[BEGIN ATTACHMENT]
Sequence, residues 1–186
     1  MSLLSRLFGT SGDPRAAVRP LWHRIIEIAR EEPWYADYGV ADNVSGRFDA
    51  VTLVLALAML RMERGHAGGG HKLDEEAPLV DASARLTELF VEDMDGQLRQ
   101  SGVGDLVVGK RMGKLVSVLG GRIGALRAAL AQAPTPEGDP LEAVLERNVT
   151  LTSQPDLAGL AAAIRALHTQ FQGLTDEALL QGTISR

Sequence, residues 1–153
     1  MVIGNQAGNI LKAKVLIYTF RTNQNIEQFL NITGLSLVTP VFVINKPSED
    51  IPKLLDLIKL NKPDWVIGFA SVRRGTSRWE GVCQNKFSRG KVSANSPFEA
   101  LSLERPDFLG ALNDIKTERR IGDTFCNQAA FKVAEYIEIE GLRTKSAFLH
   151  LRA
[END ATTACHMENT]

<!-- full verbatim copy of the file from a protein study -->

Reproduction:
Sequence, residues 1–186
     1  MSLLSRLFGT SGDPRAAVRP LWHRIIEIAR EEPWYADYGV ADNVSGRFDA
    51  VTLVLALAML RMERGHAGGG HKLDEEAPLV DASARLTELF VEDMDGQLRQ
   101  SGVGDLVVGK RMGKLVSVLG GRIGALRAAL AQAPTPEGDP LEAVLERNVT
   151  LTSQPDLAGL AAAIRALHTQ FQGLTDEALL QGTISR

Sequence, residues 1–153
     1  MVIGNQAGNI LKAKVLIYTF RTNQNIEQFL NITGLSLVTP VFVINKPSED
    51  IPKLLDLIKL NKPDWVIGFA SVRRGTSRWE GVCQNKFSRG KVSANSPFEA
   101  LSLERPDFLG ALNDIKTERR IGDTFCNQAA FKVAEYIEIE GLRTKSAFLH
   151  LRA